Friday, July 13, 2012

Consuegra v GSIS G.R. No. L-28093 January 30, 1971

J. Zaldivar

Appeal on purely questions of law from the decision of the Court of First Instance of Surigao del Norte, dated March 7, 1967, in its Special Proceeding No. 1720.
The late Jose Consuegra was employed as a shop foreman in the province of Surigao del Norte. He contracted two marriages, the first with Rosario Diaz and the second, which was contracted in good faith while the first marriage was subsisting, with Basilia Berdin.
Consuegra died, while the proceeds of his GSIS life insurance were paid to petitioner Basilia Berdin and her children who were the beneficiaries named in the policy. They received Php 6,000.
Consuegra did not designate any beneficiary who would receive the retirement insurance benefits due to him. Respondent Rosario Diaz, the widow by the first marriage, filed a claim with the GSIS asking that the retirement insurance benefits be paid to her as the only legal heir of Consuegra, considering that the deceased did not designate any beneficiary with respect to his retirement insurance benefits.
Petitioner Berdin and her children, likewise, filed a similar claim with the GSIS, asserting that being the beneficiaries named in the life insurance policy of Consuegra, they are the only ones entitled to receive the retirement insurance benefits due the deceased Consuegra.
The GSIS ruled that the legal heirs of the late Jose Consuegra were Rosario Diaz, his widow by his first marriage who is entitled to one-half, or 8/16, of the retirement insurance benefits, on the one hand; and Basilia Berdin, his widow by the second marriage and their seven children, on the other hand, who are entitled to the remaining one-half, or 8/16.
Basilia Berdin didn’t agree. She filed a petition declaring her and her children to be the legal heirs and exclusive beneficiaries of the retirement insurance.
The trial court affirmed stating that: "when two women innocently and in good faith are legally united in holy matrimony to the same man, they and their children, born of said wedlock, will be regarded as legitimate children and each family be entitled to one half of the estate.”
Hence the present appeal by Basilia Berdin and her children.

Issue: To whom should this retirement insurance benefits of Jose Consuegra be paid, because he did not designate the beneficiary of his retirement insurance?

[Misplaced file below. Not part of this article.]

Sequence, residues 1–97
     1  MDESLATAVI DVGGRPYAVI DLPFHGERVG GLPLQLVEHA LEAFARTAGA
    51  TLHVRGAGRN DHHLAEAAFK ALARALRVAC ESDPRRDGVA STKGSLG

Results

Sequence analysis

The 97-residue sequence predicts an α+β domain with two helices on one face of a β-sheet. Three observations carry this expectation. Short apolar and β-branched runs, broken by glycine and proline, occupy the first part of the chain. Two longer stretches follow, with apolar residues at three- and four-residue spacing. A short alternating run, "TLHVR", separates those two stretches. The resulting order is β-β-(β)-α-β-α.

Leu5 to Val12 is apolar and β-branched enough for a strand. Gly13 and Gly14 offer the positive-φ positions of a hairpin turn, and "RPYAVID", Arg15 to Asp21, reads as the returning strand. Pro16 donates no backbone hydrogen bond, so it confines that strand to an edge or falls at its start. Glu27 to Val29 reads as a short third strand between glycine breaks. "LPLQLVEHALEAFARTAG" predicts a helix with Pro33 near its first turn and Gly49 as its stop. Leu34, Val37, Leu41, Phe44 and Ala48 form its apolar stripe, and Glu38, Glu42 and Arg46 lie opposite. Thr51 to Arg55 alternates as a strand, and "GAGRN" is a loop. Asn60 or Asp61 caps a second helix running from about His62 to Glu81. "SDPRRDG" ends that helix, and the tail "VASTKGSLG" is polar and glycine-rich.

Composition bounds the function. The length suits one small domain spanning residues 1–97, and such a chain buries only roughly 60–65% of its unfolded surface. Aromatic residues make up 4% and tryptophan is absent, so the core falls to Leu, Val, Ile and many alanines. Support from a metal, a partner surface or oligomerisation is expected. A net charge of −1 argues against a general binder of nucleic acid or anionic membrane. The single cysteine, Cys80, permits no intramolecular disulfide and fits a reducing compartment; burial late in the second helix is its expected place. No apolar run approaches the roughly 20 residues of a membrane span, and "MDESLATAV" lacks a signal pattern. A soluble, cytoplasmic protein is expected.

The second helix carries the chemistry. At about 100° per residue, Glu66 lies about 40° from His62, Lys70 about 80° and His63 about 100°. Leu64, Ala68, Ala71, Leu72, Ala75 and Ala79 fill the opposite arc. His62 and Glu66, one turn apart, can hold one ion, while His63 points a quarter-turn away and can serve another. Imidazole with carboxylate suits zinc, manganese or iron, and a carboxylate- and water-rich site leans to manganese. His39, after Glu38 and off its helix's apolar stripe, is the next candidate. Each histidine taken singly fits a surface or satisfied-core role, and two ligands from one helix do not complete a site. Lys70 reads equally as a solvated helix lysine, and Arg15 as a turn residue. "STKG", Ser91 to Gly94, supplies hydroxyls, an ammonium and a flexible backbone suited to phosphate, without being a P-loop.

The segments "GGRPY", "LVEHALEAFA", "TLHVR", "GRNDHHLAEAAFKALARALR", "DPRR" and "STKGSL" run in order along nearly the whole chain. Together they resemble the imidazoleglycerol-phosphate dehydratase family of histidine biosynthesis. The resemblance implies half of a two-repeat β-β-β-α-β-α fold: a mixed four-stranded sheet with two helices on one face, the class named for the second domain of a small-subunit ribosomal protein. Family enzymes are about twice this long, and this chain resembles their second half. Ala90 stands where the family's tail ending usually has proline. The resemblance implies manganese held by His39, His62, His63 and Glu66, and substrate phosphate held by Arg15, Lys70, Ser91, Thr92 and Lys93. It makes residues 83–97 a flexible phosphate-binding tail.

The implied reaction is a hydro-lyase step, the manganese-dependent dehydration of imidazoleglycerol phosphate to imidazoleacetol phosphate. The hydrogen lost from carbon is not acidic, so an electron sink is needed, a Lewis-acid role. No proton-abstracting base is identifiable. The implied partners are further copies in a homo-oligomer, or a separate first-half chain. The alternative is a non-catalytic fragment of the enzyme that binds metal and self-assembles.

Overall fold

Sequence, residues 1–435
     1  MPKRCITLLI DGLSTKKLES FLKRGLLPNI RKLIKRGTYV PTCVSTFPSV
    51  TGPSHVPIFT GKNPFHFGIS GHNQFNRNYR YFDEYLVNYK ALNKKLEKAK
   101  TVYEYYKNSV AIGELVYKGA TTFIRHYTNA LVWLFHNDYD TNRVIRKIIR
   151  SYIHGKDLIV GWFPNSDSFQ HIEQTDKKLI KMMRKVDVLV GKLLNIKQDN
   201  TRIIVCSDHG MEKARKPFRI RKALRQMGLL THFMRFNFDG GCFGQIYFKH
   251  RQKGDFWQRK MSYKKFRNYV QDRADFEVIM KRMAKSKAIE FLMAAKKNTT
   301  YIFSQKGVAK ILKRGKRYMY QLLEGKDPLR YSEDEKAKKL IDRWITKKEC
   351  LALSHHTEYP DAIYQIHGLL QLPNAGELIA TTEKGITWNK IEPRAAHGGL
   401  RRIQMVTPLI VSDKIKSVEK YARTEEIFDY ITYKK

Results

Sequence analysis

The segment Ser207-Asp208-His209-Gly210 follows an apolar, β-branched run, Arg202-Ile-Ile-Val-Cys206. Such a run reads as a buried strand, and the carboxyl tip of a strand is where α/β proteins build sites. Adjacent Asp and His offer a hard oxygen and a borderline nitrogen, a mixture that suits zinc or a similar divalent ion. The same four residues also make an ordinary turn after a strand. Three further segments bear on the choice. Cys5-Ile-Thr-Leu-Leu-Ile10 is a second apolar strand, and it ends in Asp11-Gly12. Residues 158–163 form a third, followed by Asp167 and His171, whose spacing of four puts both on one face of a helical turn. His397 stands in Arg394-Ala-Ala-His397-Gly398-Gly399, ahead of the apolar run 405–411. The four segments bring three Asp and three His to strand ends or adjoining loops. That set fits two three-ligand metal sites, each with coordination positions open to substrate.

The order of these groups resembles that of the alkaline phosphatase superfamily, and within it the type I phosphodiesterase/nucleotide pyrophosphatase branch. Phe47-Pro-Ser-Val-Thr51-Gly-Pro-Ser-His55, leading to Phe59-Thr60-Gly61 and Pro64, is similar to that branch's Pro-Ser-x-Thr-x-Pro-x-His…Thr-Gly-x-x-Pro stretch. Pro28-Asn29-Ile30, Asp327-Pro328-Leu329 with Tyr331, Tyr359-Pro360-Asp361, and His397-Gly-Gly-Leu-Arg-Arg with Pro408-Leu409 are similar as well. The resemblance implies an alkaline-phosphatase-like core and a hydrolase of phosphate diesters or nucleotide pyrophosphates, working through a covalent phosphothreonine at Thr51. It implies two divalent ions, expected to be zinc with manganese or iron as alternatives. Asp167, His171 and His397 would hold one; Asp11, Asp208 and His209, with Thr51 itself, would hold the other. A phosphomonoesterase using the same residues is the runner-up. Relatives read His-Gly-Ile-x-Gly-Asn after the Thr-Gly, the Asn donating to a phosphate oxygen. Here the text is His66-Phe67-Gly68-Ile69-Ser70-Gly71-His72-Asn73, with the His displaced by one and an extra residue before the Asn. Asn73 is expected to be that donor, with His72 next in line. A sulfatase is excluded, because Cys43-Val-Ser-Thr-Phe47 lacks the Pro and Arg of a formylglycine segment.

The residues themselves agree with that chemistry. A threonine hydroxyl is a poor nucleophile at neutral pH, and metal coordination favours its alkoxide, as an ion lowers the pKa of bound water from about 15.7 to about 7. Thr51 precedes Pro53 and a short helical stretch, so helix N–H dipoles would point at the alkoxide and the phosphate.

Held: No. Petition denied.

Berdin averred that because the deceased Jose Consuegra failed to designate the beneficiaries in his retirement insurance, the appellants who were the beneficiaries named in the life insurance should automatically be considered the beneficiaries to receive the retirement insurance benefits.
The GSIS offers two separate and distinct systems of benefits to its members — one is the life insurance and the other is the retirement insurance. These two distinct systems of benefits are paid out from two distinct and separate funds that are maintained by the GSIS.
In the case of the proceeds of a life insurance, the same are paid to whoever is named the beneficiary in the life insurance policy. As in the case of a life insurance provided for in the Insurance Act, the beneficiary in a life insurance under the GSIS may not necessarily be a heir of the insured. The insured in a life insurance may designate any person as beneficiary unless disqualified to be so under the provisions of the Civil Code. And in the absence of any beneficiary named in the life insurance policy, the proceeds of the insurance will go to the estate of the insured.
Retirement insurance is primarily intended for the benefit of the employee, to provide for his old age, or incapacity, after rendering service in the government for a required number of years. If the employee reaches the age of retirement, he gets the retirement benefits even to the exclusion of the beneficiary or beneficiaries named in his application for retirement insurance. The beneficiary of the retirement insurance can only claim the proceeds of the retirement insurance if the employee dies before retirement. If the employee failed or overlooked to state the beneficiary of his retirement insurance, the retirement benefits will accrue to his estate and will be given to his legal heirs in accordance with law, as in the case of a life insurance if no beneficiary is named in the insurance policy.
GSIS had correctly acted when it ruled that the proceeds should be divided equally between his first living wife and his second. The lower court has correctly applied the ruling of this Court in the case of Lao v Dee.
Gomez vs. Lipana- in construing the rights of two women who were married to the same man, held "that since the defendant's first marriage has not been dissolved or declared void the conjugal partnership established by that marriage has not ceased. Nor has the first wife lost or relinquished her status as putative heir of her husband under the new Civil Code, entitled to share in his estate upon his death should she survive him. Consequently, whether as conjugal partner in a still subsisting marriage or as such putative heir she has an interest in the husband's share in the property here in dispute....
With respect to the right of the second wife, although the second marriage can be presumed to be void ab initio as it was celebrated while the first marriage was still subsisting, still there is need for judicial declaration of such nullity. And inasmuch as the conjugal partnership formed by the second marriage was dissolved before judicial declaration of its nullity, "the only lust and equitable solution in this case would be to recognize the right of the second wife to her share of one-half in the property acquired by her and her husband and consider the other half as pertaining to the conjugal partnership of the first marriage."

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